Range Rover: Backseat driver

By David Wilkins

The Range Rover is 420kg lighter than its predecessor.

Range Rover. Photo / Supplied
Range Rover. Photo / Supplied

Can you really tell how good a car is without driving it? My own view is that travelling in a car without taking the wheel doesn't normally allow you to make much of an assessment at all but I found a partial exception to the rule.

On the eve of the Paris Motor Show, I had the chance to join a small select group of journalists to experience the soon-to-be-launched fourth-generation Range Rover as a passenger.

One of the big changes to the new Range Rover is the adoption of an advanced aluminium body structure that addresses one of the few significant points of criticism of the old car - its weight. The fourth-generation model is 420kg lighter than its predecessor, and the impact of that change can immediately be felt when the car is under way.

The old model could wallow a bit but the new one has much better body control and also picks up speed under acceleration with an ease that was absent before. The previous car was fast, but there was always the feeling it was having to use brute force to punch a big square SUV-shaped hole through the air and overcome quite a bit of inertia before it really got into its stride.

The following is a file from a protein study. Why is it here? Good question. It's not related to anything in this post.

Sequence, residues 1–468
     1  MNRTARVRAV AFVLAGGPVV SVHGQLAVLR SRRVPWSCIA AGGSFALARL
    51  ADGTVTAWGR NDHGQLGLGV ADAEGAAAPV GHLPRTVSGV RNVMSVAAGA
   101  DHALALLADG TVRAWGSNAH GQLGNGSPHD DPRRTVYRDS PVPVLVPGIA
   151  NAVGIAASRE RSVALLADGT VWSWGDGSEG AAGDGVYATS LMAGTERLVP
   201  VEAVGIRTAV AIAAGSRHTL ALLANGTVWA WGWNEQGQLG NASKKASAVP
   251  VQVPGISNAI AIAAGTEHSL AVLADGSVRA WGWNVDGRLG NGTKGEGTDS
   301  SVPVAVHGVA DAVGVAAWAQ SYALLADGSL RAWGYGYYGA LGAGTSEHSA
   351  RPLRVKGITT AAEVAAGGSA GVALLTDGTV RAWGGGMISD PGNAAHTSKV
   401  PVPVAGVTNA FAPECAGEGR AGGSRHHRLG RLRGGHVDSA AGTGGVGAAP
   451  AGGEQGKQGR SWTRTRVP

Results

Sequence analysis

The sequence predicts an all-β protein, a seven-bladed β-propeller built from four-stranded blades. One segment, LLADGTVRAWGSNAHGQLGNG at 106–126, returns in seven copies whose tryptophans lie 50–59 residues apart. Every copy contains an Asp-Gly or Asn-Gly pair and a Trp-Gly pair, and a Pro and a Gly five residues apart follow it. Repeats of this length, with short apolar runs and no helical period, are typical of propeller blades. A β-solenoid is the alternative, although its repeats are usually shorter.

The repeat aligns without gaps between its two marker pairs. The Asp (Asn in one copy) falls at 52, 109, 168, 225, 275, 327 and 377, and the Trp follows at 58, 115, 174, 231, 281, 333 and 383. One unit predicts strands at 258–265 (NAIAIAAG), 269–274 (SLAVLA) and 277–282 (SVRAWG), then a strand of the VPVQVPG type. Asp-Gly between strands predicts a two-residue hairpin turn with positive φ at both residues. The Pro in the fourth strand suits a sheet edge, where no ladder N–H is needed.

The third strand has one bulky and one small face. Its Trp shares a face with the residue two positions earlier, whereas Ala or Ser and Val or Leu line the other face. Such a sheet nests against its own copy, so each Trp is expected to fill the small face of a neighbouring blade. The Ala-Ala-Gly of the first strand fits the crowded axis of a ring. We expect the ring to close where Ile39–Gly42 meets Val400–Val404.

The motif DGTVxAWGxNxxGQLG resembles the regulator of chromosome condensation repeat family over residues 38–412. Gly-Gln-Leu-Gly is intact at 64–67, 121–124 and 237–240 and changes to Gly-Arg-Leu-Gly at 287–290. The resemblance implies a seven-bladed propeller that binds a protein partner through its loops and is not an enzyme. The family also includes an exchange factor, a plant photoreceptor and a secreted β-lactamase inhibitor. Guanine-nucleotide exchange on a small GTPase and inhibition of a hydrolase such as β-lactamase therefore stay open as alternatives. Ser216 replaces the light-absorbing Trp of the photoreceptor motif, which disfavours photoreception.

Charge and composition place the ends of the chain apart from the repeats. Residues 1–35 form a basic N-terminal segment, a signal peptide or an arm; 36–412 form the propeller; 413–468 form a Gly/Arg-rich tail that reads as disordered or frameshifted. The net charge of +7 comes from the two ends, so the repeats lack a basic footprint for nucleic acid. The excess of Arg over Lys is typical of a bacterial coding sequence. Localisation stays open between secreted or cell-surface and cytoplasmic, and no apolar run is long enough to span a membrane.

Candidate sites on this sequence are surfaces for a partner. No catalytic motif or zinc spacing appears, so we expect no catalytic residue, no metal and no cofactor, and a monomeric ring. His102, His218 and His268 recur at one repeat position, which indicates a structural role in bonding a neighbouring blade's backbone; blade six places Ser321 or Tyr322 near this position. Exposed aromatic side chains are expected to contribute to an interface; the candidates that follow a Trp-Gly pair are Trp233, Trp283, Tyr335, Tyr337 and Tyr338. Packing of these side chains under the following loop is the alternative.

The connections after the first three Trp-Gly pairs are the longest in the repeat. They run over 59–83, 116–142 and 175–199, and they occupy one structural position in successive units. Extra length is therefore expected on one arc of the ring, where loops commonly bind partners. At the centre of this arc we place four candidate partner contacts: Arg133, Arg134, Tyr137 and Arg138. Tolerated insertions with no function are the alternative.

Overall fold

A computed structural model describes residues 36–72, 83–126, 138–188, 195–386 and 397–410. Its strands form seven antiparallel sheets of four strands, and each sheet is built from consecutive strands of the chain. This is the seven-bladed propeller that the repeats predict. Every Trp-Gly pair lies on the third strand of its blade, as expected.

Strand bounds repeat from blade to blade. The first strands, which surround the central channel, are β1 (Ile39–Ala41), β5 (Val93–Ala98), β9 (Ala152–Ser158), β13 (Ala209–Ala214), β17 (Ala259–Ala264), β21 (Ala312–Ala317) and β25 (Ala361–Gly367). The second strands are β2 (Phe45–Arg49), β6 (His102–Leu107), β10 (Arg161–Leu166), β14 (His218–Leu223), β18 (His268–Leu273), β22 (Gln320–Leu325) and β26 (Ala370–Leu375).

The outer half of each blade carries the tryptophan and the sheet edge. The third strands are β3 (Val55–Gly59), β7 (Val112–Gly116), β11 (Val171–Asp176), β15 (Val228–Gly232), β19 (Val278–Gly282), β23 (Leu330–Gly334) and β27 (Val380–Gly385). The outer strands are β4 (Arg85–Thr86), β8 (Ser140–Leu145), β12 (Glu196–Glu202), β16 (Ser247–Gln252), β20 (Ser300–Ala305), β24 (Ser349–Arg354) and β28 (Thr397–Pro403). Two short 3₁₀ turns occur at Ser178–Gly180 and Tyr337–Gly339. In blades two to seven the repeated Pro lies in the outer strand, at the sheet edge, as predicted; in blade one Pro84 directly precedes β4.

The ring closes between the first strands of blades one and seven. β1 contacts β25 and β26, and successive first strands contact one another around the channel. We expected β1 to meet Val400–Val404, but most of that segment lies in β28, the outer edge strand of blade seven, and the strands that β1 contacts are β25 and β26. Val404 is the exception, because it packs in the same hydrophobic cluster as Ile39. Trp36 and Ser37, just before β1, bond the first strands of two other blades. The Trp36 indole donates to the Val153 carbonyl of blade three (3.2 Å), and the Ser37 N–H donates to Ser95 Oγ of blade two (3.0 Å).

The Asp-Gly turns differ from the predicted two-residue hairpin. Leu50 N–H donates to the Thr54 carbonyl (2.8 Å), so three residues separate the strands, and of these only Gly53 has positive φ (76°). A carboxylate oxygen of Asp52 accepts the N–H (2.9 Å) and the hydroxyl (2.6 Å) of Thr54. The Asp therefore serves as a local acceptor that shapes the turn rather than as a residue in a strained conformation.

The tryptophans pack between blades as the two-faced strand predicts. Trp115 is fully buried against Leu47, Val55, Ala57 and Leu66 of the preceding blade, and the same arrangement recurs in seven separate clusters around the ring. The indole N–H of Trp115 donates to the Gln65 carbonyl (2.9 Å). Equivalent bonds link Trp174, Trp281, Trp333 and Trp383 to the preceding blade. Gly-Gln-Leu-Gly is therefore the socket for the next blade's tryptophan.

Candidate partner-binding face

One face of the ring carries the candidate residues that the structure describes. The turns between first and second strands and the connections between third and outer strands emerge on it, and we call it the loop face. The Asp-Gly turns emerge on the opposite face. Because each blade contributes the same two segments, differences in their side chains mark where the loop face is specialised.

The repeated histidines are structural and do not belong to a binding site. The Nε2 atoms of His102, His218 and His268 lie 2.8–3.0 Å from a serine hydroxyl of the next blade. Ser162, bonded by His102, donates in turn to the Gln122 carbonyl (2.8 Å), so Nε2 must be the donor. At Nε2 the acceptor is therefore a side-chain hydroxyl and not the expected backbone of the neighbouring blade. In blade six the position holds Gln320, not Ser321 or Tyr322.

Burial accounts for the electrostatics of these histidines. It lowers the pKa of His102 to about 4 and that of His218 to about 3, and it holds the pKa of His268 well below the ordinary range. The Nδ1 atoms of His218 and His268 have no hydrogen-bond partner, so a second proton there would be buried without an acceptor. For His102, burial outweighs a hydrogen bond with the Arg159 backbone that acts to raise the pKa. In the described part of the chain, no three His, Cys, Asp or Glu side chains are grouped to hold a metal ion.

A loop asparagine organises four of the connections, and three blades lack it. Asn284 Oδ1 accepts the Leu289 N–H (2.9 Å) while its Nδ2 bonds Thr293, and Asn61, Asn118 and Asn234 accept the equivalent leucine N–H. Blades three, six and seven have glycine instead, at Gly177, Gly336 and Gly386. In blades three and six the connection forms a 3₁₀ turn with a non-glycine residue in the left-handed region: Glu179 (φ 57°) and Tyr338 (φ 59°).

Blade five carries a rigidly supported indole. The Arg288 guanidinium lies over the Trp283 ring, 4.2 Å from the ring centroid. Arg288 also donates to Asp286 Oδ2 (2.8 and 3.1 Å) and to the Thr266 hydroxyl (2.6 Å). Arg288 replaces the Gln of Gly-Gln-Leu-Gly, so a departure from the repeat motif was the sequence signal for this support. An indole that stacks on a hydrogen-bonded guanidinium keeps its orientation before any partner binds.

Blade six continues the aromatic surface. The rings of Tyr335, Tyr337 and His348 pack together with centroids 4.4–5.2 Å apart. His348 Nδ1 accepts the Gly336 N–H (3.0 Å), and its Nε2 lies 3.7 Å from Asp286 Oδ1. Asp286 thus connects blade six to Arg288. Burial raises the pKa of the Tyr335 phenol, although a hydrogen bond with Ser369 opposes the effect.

This lighter, lower and aerodynamically slipperier vehicle is different.

And the back-seat passenger experience? The wheelbase has been stretched by 42mm and all of that and more has gone towards improving rear-seat leg room, which increases by 118mm.

If the standard back seat, which is very comfortable, doesn't do the job for you, you can opt for the what Land Rover calls the Executive Class seating option.

This provides two individual, separately adjustable rear seats, with a massage function and a centre console that is fully extended into the rear section of the passenger compartment.

The company says this car provides a "new level of material quality"; the out-going model, even towards the end of its decade-long life is a standard-setter when it comes to cabin ambience, but it's fair to say that its successor still manages to nudge the game forward quite a bit, with a cleaner, less cluttered dash layout, for example, although the underlying look is quite similar.

What motor industry types call NVH - or noise, vibration and harshness - is also improved, thanks to measures such as a stiffer body, better engine mounts, aerodynamic fine-tuning and an acoustic lamination applied to most of the windows. Ride comfort is impressive too - and speed bumps barely register.

The new car builds upon the already formidable systems of the old, with a new automatic version of Land Rover's Terrain Response technology promising to make cross-country driving - untested on this occasion - even easier.

I can hardly wait to get behind the wheel myself but on the evidence we have so far, the new Range Rover could be very good indeed.


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